The effect of global climate change on the planet's ecosystems is one of the key issues scientists are currently focusing on and, while there isn't a lot of good news, there is some; the main source of food for many fish, including cod, in the North Atlantic appears to adapt in order to survive climate change.

Billions of Calanus finmarchicus, a plankton species, which are just a few millimeters in size, live in the waters of the North Atlantic where the research was carried out. It showed they responded to global warming after the last Ice Age, around 18,000 years ago, by moving north and maintaining large population sizes and also suggests that these animals might be able to track the current change in habitat.

Calanus finmarchicus, a zooplankton species, is considered one of the most important components of the regional marine food web.

“Our results, in contrast to previous studies, suggest that the species has been able to shift its distribution range in response to previous changes in the Earth's climate, and thus ‘track’ the effects of climate change, a feature which may be of crucial importance in its survival," say study leader Dr. Jim Provan, from the Queen’s University Belfast School of Biological Sciences. “The genetic variability of the species - the tendency of the genetic make-up of a population to vary from one individual to another - has remained high, which is good news, and suggests that these animals might be able to track the current change in habitat resulting from global warming and maintain viable population sizes.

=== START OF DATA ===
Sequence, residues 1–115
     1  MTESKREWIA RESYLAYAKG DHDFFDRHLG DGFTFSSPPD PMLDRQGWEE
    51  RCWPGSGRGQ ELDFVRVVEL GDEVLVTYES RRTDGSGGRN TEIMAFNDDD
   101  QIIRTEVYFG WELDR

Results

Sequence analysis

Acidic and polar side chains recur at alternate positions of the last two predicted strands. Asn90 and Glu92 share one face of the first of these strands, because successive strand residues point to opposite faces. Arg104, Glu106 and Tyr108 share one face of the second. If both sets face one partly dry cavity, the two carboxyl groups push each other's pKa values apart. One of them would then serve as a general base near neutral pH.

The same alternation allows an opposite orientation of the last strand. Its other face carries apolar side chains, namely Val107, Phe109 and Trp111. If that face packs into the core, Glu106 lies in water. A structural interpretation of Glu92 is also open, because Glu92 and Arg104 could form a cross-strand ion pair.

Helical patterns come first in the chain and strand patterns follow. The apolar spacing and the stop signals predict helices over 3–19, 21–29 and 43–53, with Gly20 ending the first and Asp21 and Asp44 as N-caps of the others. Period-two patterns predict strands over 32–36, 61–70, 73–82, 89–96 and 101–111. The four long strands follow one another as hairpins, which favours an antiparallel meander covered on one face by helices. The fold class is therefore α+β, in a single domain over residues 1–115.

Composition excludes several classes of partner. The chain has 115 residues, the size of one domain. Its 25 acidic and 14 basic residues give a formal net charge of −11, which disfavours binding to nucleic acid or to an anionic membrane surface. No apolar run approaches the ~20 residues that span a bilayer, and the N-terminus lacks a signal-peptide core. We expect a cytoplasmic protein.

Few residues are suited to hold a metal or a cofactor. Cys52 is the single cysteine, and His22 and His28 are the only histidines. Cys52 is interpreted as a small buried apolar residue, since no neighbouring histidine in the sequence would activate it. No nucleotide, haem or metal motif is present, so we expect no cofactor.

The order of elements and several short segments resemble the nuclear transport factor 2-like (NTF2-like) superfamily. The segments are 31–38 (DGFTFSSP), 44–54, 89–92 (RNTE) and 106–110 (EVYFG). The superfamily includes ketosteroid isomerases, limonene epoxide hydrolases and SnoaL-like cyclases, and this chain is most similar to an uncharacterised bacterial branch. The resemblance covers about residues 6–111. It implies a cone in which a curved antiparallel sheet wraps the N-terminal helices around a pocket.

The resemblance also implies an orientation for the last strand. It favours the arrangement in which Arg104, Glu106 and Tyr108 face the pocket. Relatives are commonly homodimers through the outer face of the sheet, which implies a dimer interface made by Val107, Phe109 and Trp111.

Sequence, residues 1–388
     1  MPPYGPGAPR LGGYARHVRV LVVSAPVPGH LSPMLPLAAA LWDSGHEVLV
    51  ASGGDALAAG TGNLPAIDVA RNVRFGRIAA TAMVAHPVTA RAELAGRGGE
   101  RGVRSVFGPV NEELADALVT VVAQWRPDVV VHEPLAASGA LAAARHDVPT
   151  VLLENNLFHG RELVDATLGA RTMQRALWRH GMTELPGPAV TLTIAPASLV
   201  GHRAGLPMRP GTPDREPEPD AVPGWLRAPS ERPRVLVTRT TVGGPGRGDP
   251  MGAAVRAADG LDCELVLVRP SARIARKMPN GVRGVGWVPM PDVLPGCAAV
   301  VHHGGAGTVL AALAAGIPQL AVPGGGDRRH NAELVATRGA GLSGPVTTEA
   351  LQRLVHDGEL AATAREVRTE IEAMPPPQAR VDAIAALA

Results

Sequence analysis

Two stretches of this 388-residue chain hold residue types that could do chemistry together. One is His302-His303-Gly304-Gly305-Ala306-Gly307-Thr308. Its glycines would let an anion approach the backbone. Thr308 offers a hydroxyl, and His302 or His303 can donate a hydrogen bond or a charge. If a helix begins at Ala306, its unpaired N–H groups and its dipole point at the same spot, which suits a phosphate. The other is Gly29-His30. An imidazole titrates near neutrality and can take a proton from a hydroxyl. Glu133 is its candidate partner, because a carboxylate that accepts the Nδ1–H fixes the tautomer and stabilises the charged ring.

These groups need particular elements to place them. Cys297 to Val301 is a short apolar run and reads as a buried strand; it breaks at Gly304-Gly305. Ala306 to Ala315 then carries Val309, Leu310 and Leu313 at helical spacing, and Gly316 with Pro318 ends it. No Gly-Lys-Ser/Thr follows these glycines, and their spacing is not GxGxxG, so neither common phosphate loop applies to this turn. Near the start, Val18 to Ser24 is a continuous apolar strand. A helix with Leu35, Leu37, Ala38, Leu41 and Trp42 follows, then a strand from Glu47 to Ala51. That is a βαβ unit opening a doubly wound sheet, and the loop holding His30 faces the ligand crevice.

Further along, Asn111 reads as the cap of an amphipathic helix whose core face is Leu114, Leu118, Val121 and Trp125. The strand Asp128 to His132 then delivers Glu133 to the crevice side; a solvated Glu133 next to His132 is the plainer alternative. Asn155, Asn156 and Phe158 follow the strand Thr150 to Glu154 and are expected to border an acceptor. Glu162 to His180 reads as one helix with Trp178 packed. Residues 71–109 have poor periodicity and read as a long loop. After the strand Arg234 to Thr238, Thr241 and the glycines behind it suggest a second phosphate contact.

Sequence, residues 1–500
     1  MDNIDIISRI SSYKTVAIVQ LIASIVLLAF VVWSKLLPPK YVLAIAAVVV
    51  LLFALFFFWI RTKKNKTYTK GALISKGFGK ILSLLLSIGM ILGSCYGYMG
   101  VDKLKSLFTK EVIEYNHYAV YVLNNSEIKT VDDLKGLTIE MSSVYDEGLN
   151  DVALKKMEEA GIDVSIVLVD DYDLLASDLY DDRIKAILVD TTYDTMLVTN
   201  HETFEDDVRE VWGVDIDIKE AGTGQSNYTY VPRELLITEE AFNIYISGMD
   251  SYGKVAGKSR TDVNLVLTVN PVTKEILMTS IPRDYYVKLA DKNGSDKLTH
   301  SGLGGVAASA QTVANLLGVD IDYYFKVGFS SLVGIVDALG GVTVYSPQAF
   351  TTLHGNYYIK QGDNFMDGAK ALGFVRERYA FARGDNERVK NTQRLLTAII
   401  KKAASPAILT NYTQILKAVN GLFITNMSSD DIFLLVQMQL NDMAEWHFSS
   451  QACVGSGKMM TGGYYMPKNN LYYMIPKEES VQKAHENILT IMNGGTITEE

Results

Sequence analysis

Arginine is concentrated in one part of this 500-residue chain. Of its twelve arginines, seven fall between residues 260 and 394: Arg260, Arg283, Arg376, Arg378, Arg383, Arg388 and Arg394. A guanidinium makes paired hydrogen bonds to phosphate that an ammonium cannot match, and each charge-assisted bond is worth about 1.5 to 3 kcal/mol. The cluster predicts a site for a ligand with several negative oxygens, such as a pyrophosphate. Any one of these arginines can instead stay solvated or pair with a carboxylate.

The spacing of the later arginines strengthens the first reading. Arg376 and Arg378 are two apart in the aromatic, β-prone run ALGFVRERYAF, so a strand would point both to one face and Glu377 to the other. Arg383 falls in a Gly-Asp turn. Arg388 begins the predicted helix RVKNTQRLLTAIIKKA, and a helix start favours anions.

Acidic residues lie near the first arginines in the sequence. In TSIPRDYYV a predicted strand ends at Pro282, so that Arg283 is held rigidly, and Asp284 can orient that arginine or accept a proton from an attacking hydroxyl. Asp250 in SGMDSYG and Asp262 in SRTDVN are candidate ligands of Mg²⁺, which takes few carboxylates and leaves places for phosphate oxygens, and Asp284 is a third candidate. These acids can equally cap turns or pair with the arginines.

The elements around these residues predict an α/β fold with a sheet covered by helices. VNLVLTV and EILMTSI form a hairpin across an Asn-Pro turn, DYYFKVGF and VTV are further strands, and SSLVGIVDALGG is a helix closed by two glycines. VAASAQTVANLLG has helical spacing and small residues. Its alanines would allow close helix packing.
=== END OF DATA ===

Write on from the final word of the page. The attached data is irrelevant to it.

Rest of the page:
“If the species couldn't, it might become extinct and thus threaten the fish species that depend upon it for food. “It might be a rare example of news that may not be doom-and-gloom with respect to climate change, but it doesn’t mean that we don’t have to keep watching what happens.”

Previous work on the species had indicated a serious drop in numbers and decreases in population size may be reflected in decreases in genetic variability.

This can compromise the adaptive potential of the populations for the future and possibly result in extinction.

As a result of the Queen’s findings the team is planning further work to see how the study applies to rapid global warming over the last few decades.

The other Queen’s academics involved in the paper were Professor Christine Maggs, Dr Graham Savidge and students Gemma Beatty and Sianan Keating.

Article: 'High dispersal potential has maintained long-term population stability in the North Atlantic copepod Calanus finmarchicus', Proceedings of the Royal Society B.